Progress In Wafer And Package Level Defect Inspection

Advances in imaging systems aim to improve throughput without sacrificing measurement accuracy.


The technology to enable sampling and the need for more metrology and inspection data in a production setting have aligned just in time to address the semiconductor industry’s newest and most complex manufacturing processes.

In both wafer and assembly manufacturing, engineering teams have long relied on imaging tools to measure critical features and to inspect for defects after specific processes. These tools, which utilize different emitter sources — optical, X-ray, and e-beam — are essential for process development, yield ramp, and production monitoring.

Optical systems continue to be the primary workhorse systems in a production setting. They have the highest throughput, and for decades their measurement resolution has kept pace with the critical dimensions and defect sizes of interest. But optical is running out of steam at ≤14nm advanced CMOS logic nodes, and during assembly with bump/pillar pitches ≤50µm.

At the same time, the need to ferret out subtle defects is increasing. Advanced CMOS design and process complexity result in smaller features with higher design layout sensitivity. Likewise, advanced packaging processes, such as 2.5D, utilize higher interconnect density, which in turn necessitates co-planarity of over a million bumps/pillars. The imaging challenges come from the significantly higher ratio of scanned area to required measurement resolution. For a 300mm wafer, the ratio is on order of 109:1 and for a 50 x 50mm packaging substrate the ratio is on order of 104:1. The imaging challenges increase when you add in the throughput requirements to support a 100% sampling rate in a manufacturing production scenario.

Fortunately, due to engineering ingenuity, and advances in computation and CCD detectors, the equipment makers have created systems that meet this seemingly daunting challenge. This includes equipment that identifies defects and measures critical dimensions, which is essential for process development, yield ramp, and excursion control. In addition, there have been improvements in equipment setup, and close to real-time process control.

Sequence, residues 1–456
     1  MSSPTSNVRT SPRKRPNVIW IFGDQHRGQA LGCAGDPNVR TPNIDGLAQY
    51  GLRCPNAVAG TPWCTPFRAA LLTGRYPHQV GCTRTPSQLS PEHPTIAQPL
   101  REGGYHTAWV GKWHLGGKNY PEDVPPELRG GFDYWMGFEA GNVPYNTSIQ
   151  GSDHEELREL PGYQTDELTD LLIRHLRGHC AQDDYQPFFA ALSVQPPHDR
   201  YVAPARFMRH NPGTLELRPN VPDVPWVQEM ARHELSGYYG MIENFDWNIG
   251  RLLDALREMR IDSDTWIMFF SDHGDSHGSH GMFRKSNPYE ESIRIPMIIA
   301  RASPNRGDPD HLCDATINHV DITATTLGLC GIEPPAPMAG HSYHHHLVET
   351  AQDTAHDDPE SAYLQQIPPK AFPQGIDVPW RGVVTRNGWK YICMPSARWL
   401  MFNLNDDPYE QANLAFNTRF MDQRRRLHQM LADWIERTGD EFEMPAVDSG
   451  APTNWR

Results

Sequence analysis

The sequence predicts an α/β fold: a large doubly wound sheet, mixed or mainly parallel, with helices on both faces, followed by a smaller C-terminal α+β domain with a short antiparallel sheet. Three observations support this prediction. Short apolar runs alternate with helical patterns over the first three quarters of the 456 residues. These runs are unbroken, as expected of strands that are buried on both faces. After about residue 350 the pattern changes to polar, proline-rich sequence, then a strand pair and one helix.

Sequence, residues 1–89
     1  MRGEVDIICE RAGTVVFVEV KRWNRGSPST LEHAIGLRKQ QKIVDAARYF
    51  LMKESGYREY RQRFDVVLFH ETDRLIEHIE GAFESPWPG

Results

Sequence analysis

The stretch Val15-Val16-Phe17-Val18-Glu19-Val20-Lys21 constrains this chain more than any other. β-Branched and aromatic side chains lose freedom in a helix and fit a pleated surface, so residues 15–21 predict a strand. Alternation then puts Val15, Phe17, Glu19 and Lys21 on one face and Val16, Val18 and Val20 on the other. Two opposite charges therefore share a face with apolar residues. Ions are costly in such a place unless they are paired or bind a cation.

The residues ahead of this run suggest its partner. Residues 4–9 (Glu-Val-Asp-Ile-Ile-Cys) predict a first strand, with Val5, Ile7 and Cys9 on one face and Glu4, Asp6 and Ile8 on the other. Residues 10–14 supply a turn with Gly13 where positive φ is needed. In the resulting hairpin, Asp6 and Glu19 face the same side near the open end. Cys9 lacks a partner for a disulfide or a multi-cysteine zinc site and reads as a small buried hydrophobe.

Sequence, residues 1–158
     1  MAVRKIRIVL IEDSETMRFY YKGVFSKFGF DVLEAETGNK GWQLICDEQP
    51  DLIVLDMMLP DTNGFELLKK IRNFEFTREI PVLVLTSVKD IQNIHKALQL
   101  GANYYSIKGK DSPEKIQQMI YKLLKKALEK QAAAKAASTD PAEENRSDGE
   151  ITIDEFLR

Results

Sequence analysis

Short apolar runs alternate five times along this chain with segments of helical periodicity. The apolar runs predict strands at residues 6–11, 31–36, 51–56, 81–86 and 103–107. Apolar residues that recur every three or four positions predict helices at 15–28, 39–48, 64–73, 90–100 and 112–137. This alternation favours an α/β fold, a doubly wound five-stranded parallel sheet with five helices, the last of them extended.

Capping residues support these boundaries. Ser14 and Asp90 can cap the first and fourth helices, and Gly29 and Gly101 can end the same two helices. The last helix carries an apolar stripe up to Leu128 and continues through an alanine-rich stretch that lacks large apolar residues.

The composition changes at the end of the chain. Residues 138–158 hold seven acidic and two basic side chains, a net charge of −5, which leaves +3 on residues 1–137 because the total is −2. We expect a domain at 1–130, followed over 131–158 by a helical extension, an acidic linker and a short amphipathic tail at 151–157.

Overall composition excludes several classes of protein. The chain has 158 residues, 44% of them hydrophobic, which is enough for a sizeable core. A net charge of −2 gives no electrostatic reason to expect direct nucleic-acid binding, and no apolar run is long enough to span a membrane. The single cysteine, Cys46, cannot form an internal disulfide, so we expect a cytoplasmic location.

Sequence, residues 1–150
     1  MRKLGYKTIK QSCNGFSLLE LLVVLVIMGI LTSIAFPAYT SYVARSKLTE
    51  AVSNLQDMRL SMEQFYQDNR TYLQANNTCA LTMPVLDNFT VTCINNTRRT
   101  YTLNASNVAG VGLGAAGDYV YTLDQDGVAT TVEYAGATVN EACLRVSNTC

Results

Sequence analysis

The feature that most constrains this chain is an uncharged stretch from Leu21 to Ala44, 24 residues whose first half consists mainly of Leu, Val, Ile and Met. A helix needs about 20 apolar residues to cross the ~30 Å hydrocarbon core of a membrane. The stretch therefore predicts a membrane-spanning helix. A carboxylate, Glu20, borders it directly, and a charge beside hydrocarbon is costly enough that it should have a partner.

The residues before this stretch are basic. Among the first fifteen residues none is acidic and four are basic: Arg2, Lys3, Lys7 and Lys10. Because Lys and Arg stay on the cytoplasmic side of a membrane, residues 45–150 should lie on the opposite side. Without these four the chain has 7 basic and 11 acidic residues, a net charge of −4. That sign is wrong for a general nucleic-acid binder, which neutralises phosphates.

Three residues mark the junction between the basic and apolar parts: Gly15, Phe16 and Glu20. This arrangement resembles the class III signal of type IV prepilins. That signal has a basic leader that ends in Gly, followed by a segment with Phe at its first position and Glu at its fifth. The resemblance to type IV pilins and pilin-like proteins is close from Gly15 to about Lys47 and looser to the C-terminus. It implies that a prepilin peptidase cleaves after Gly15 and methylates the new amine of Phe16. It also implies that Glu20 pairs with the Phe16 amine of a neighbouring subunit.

Still, results will vary depending on sampling rates during process development and production, which is a tradeoff of time/money vs yield/reliability that is determined by factory management.

“Inspection is not just for yield learning,” said Indranil De, general and engineering manager of e-beam tools at PDF Solutions. “Even in a production manufacturing flow, a fab has to decide in advance how to spread out its inspection budget. Inspection does not just happen at transistor, metal-1 and metal-2 levels. Fabs are doing inspections at every metal layer. They’re all being inspected at different rates. Factory teams spread out their investment dollars in a manner they think is most efficient with respect to likely excursion points.”

There is a common assumption that earlier data is better, which increases the demand for more imaging-derived data. But it needs to be the right data at a useful point in time for engineers to take action. And in a manufacturing setting, it can’t cost too much time or money. CMOS wafers already take at least three months to fabricate, while advanced packaging takes at least one month.

So ROI needs to include a realistic assessment of the associated risks of not detecting failures in the end customer’s system. That, in turn, depends on how and where a chip will be used. For example, escapes to the field have a heightened risk for mission- and safety-critical systems, particularly those found in data centers, automotive, and military/aerospace applications. In these scenarios, 100% inspection and metrology becomes a justified insurance policy.

Fig. 1: Increasing risk and associated cost with later failure detection. Source: Bruker

Fig. 1: Increasing risk and associated cost with later failure detection. Source: Bruker

Nevertheless, engineering managers still may need convincing, because 100% inspection/metrology is expensive. “There are some quality considerations, but at the end of the day somebody has to make money from it,” explained Frank Chen, director of applications and product management at Bruker. “So how do you explain the commercial aspect to show the value of adopting 100% inspection?”

Chen provided a hypothetical return-on-investment (ROI) calculation for adopting 100% inspection for CPU advanced packaging with Bruker’s X200 X-ray inspection system (see figure 2).

Fig. 2: Cost of field failure vs. failure before shipment, based on 4,156 units. Source: Bruker

Fig. 2: Cost of field failure vs. failure before shipment, based on 4,156 units. Source: Bruker

Raising the bar
Combining high throughput with high resolution creates a demanding set of specifications for imaging systems. Throughput to support 100% sampling raises the bar even higher.